Monday, December 12, 2011

2011 Exit/Financing of the Year Nominee: Eisai/SFJ Pharma

It's time for the IN VIVO Blog's Fourth Annual Deal of the Year! competition. This year we're once again presenting awards in three categories to highlight the most interesting and creative deal making solutions of the year. The categories are: M&A Deal of the Year, Alliance Deal of the Year, and Exit/Financing Deal of the Year. We'll supply the nominations (a half dozen in each category throughout December) and you, the voting public, will decide the winners (by voting early and often, commencing once we've announced all the nominees). Strap yourselves in, it's The Race for the Roger™.

With development budgets stretched, it's difficult for burn-minded companies to conduct multiple late-stage clinical trials simultaneously. Biopharma firms with promising assets can always try to find a partner to share the risk and widen the development funnel -- but that means giving up back end rewards. Unless of course you can find someone to foot the bill without asking for a slice of the commercial pie in return.

Enter this year's latest DOTY candidate, Eisai/SFJ.

In their deal announced in September, Eisai is handing the development bill on its thyroid cancer treatment lenvatinib to SFJ, which will pay for Phase III studies. Eisai will pay milestones to SFJ only if lenvatinib gains regulatory approval, and Eisai itself conducts the global trials and also keeps all commercial rights. The financial details weren't disclosed. Levantinib, a home-grown tyrosine kinase inhibitor, is one of Eisai's three oncology assets that have reached Phase III globally; the SFJ deal will allow Eisai to spend its own cash elsewhere in its late-stage pipeline.

Though SFJ isn't conducting the lenvatinib Phase III, it's a CRO itself, and presumably has a pretty good inkling that the drug will eventually get approved. Well, SFJ isn't a CRO, exactly, but nor is it typically simply an investor, as appears the case here. It bills itself as a specialty pharma, and it raised a $45 million Series A round in early 2009, with Abingworth Management and Clarus Ventures in the lead. It hopes to in-license drugs and bring them to market in Japan itself, but has not done so yet (or at least hasn't said so publicly). In its two deals prior to Eisai, SFJ has written the clinical protocol and is conducting the trials. Data from one were supposed to be due in December.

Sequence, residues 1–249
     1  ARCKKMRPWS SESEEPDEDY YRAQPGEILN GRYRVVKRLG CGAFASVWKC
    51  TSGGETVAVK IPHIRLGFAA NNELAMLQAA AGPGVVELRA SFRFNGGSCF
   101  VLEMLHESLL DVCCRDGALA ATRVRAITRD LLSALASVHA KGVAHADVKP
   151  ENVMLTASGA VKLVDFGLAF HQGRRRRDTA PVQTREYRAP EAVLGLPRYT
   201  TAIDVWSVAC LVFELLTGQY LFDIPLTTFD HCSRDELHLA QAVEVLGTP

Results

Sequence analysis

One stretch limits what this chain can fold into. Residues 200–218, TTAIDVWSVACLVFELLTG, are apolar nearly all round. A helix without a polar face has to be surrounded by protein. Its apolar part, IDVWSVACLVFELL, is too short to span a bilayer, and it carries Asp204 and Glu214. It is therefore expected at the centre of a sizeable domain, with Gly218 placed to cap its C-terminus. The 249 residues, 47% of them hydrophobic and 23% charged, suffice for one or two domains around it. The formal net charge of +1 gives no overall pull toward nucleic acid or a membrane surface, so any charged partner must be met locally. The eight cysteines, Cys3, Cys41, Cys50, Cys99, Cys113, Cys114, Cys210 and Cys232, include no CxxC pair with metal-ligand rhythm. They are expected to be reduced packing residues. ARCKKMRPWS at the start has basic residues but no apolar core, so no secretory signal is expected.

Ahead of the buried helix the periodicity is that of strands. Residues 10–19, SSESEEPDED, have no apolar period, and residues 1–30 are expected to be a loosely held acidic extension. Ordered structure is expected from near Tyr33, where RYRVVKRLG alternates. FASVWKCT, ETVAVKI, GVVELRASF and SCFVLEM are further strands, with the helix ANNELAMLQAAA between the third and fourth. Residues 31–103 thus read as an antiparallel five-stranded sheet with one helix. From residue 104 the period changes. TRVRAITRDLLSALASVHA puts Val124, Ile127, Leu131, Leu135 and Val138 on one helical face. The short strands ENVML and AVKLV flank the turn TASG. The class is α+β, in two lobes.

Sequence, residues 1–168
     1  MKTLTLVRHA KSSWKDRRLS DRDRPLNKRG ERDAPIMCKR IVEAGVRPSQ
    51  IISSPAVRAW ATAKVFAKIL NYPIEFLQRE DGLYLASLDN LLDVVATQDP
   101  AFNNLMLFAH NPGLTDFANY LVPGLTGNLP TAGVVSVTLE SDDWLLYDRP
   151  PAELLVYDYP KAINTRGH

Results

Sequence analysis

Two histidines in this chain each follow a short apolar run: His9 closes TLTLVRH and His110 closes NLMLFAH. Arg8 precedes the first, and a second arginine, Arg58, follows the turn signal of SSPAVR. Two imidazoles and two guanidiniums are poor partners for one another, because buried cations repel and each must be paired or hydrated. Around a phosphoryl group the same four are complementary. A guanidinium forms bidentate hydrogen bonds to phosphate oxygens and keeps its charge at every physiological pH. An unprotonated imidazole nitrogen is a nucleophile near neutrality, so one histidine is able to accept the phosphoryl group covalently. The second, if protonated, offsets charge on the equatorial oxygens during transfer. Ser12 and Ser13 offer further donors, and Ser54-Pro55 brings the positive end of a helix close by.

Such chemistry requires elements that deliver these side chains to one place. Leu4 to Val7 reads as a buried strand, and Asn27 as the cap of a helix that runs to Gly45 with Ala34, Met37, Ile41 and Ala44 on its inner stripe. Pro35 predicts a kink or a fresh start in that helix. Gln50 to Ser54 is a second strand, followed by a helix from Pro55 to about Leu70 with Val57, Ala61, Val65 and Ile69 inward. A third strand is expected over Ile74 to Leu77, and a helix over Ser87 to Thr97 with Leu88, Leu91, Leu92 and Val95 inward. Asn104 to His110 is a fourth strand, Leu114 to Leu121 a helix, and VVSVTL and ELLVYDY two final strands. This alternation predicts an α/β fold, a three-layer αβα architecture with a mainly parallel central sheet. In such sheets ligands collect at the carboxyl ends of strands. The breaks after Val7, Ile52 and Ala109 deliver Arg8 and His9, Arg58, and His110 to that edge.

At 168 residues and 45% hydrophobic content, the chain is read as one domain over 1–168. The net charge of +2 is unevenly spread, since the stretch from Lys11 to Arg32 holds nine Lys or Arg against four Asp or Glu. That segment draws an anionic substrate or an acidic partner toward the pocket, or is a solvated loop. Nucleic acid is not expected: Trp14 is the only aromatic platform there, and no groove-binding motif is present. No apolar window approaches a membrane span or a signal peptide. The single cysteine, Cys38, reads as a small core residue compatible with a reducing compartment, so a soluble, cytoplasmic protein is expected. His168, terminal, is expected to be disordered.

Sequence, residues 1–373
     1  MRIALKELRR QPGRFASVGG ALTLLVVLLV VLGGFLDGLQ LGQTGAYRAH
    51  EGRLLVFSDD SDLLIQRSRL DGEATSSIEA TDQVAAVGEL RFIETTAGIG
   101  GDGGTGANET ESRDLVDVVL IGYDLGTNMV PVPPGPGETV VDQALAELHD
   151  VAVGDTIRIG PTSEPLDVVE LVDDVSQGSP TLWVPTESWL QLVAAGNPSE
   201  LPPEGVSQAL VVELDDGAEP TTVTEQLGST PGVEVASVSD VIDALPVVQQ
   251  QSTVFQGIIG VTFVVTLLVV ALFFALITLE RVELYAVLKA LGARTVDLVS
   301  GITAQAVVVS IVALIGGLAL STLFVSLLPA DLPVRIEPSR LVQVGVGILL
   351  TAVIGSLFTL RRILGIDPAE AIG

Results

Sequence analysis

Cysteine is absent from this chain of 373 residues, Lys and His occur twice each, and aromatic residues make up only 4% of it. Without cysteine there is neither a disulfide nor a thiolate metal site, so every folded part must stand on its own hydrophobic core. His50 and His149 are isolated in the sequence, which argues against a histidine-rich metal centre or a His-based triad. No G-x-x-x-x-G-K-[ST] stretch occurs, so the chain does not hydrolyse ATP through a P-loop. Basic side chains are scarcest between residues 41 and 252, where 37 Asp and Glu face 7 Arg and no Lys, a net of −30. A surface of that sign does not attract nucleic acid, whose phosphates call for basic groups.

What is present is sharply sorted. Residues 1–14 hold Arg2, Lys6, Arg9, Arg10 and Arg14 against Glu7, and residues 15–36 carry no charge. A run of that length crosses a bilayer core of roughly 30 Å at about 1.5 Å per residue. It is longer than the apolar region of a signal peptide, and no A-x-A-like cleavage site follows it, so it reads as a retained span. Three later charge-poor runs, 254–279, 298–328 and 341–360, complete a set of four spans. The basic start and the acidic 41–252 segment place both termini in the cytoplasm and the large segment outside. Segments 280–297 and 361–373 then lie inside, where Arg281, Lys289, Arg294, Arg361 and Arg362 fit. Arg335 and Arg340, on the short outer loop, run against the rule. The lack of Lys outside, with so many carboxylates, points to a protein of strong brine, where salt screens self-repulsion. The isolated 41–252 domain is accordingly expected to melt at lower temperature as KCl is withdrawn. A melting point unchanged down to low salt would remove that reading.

SFJ, which limits its development and commercialization ambitions to the Japanese market, was founded by a former executive at NovaQuest, the ex-financing arm of Quintiles. (It has since split off from Quintiles.) Quintiles has a risk-sharing deal with Eisai in oncology in which the two sides develop an unspecified number of Eisai compounds to proof-of-concept. We asked SFJ President and CEO Bob DeBenedetto about the NovaQuest/Quintiles influence, and he said SFJ's partnering terms and structures were different. But that hasn't prevented them from working together. DeBenedetto told the IN VIVO Blog recently that SFJ and Quintiles are teaming up on other pharma clinical deals for which SFJ provides the cash and the two conduct the trial.

Here, SFJ is again the bankroller, but Eisai holds the clinical reins. The deal -- a straight financing -- allows Eisai to boost the bandwidth of its late-stage development program in the highly competitive oncology space. SFJ is simply making what it hopes is a solid bet -- with a near-term payout.

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